From 11:00PM PDT on Friday, July 1 until 5:00AM PDT on Saturday, July 2, the Shmoop engineering elves will be making tweaks and improvements to the site. That means Shmoop will be unavailable for use during that time. Thanks for your patience!
The narrator tells us how, in the 1940s, more and more men were leaving the rural areas to look for work in the cities. The flood of unqualified workers meant it was hard to find work.
Nnaife was lucky to find work with the government. If you stayed with the government long enough, you could retire with a small pension – an utterly new thing in the life of Ibos.
Nnaife didn't mind being a grass-cutter. He figured someday, he'd meet the right person and move up into a better position. For this reason, he still attended church occasionally.
Nnaife grows to prefer his position. He realizes that he likes working outdoors, and he's used to the routine.
But the morning after his wives' strike, Nnaife has no breakfast when he arrives at work, and the other men tease him about his wives being on strike.
They all laugh, and Nnaife helps himself to one of his friend's food. They all shared food regularly. Nnaife says that he has just heard that Nnu Ego has repented, but he doesn't think Adaku has yet. Nnu Ego is afraid that if she continues the strike the family will eat up her profits from her trading business. Besides, Nnaife suspects that Nnu Ego is pregnant, and that is why she is behaving so strangely.
That afternoon, army trucks pull into the yard, and a crowd of European officers accompanying it. When the whistle blows to let the men know that work is done. the men rush to leave, but instead, they're ushered into the lorry (a truck). Nnaife is one of the men caught and shoved inside.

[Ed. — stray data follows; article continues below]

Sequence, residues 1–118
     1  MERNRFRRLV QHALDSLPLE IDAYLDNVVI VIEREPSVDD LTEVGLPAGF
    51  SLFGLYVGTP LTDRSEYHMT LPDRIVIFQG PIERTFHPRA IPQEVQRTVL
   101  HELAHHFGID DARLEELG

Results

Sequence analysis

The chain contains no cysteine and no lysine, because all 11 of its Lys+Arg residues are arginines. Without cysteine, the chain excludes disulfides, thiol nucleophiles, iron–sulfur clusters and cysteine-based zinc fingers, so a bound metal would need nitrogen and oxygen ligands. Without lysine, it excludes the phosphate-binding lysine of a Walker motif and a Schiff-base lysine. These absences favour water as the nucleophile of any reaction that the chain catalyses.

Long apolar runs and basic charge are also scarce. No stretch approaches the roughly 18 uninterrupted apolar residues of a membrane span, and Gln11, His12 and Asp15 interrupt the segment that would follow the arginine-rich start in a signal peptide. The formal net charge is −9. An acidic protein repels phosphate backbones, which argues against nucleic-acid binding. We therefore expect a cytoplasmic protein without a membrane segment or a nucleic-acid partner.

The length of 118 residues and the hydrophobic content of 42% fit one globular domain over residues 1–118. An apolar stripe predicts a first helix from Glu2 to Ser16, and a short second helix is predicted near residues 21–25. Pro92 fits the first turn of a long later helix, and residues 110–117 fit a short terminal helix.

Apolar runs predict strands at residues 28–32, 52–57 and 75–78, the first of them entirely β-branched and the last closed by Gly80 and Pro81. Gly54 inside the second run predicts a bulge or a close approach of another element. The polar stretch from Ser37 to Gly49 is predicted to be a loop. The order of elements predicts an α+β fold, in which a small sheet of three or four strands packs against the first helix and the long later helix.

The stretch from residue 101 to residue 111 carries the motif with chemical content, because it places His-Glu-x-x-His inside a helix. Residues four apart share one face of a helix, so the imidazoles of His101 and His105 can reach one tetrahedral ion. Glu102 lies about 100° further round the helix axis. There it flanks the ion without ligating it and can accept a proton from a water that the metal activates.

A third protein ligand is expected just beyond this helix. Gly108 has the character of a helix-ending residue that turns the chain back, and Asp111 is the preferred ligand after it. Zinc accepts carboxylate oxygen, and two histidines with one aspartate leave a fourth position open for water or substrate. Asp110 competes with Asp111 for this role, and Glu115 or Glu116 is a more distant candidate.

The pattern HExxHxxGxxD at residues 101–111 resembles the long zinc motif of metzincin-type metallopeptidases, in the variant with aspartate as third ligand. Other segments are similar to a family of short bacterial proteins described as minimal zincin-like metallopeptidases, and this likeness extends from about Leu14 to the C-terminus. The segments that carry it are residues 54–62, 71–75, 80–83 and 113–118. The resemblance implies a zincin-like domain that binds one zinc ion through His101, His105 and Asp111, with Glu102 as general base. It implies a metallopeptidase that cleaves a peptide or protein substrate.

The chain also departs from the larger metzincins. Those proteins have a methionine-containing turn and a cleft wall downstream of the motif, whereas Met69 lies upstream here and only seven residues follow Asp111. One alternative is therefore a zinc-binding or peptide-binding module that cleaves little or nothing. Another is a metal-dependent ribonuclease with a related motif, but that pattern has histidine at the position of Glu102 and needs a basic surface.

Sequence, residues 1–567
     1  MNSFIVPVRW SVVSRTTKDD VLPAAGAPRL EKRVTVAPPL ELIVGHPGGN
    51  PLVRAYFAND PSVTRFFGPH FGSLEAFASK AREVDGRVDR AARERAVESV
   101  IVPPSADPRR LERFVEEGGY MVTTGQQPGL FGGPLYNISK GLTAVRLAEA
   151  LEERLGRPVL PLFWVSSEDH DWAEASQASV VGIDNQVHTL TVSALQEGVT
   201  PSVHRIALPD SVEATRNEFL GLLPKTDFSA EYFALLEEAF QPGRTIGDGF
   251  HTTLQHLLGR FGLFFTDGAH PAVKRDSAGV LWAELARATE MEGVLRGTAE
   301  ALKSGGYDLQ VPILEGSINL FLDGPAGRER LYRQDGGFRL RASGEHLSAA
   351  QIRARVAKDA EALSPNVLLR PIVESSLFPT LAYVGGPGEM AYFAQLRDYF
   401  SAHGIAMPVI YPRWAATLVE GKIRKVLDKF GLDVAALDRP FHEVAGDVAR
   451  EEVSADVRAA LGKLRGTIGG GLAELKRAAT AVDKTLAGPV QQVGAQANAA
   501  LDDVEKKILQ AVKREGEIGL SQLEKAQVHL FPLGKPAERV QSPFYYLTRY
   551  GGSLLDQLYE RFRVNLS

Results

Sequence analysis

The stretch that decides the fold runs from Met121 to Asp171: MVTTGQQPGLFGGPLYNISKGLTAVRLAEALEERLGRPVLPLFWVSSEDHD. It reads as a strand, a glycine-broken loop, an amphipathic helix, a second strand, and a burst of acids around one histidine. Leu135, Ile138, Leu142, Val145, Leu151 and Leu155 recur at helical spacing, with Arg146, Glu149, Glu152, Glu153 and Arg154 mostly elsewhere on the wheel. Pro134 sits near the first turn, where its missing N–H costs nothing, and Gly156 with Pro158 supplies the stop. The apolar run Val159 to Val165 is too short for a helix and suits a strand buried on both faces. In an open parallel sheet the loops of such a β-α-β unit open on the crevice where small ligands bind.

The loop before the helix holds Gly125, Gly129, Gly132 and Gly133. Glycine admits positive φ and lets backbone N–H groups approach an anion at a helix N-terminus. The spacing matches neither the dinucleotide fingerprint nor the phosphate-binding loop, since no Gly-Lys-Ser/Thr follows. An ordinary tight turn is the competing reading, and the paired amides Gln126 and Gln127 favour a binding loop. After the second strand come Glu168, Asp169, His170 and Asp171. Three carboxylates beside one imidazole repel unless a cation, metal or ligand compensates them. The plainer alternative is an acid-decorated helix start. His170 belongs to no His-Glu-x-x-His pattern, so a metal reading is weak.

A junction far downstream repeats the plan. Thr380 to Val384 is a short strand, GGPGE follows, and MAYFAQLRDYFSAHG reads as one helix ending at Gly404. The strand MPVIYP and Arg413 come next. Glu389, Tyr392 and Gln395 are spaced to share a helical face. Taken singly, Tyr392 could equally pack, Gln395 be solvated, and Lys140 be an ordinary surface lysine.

Since slavery has been outlawed, he wonders what is going on.
They're taken to a small field, where somebody takes their names and they're given something to eat. Nnaife eats. Then a doctor comes and examines them. He says that Nnaife is OK.
Then the men are taken to a corridor, where they wait. Some people are called and leave and Nnaife never sees them again.
Eventually, Nnaife learns that he's joining the army. He's been conscripted.
Some men weep, while others shout. The officer tells them that their wives and relatives will be taken care of and that they won't have to serve for more than a year.
Nnaife gives Nnu Ego as his contact person. He's assured that she'll be sent money from time to time, with an initial sum of twenty pounds given to her. When they are returned, they'll be promoted to better jobs.
Nnaife thinks this over carefully. This might be the chance he needs to make something better of his life.
Nnaife sends directions to Nnu Ego that she should use some of the money for school fees, and that she should give five pounds to Adaku so she can start a trade. He decides he's doing the right thing. He doesn't make much money as a grass-cutter. He's sure that Nnu Ego will manage with the money she receives from the military.
Ubani (Nnaife's friend) wakes Nnu Ego and Adaku the next day and tells them that Nnaife has been forced to join the army. Nnu Ego and Adaku are shocked and despairing, but they know that the British own them and there is nothing they can do.
Nnu Ego asks Ubani how they're supposed to manage and Ubani reassures her that her Ibuza family will help her.
The neighbors lament with the women. The Yoruba landlord asks what kind of life it is when a man can be abducted in broad daylight. They all want to know why the British can't fight their own wars.
That night, they learn from Nwakusor that Nnaife will probably be taken out of the country within 24 hours.
Adaku says she can manage, especially after her baby is born. But everybody agrees that Nnu Ego will be better off if she moves back to Ibuza. Nnu Ego's father, Agbadi, sends messages, urging Nnu Ego to come home. Besides, he is dying.
But Nnu Ego doesn't know how to go when she doesn't have any money. And she's worried about Nnaife. She doesn't really know if he's alive or dead.
Eventually they receive a letter from Nnaife, and they learn that he's on his way to India. She also learns that he's sent some money.
Although they now have twenty pounds, they can't count on anything more.
Finally, Nnu Ego leaves for Ibuza, asking Adaku to get any additional money to her in Ibuza if Nnaife sends more.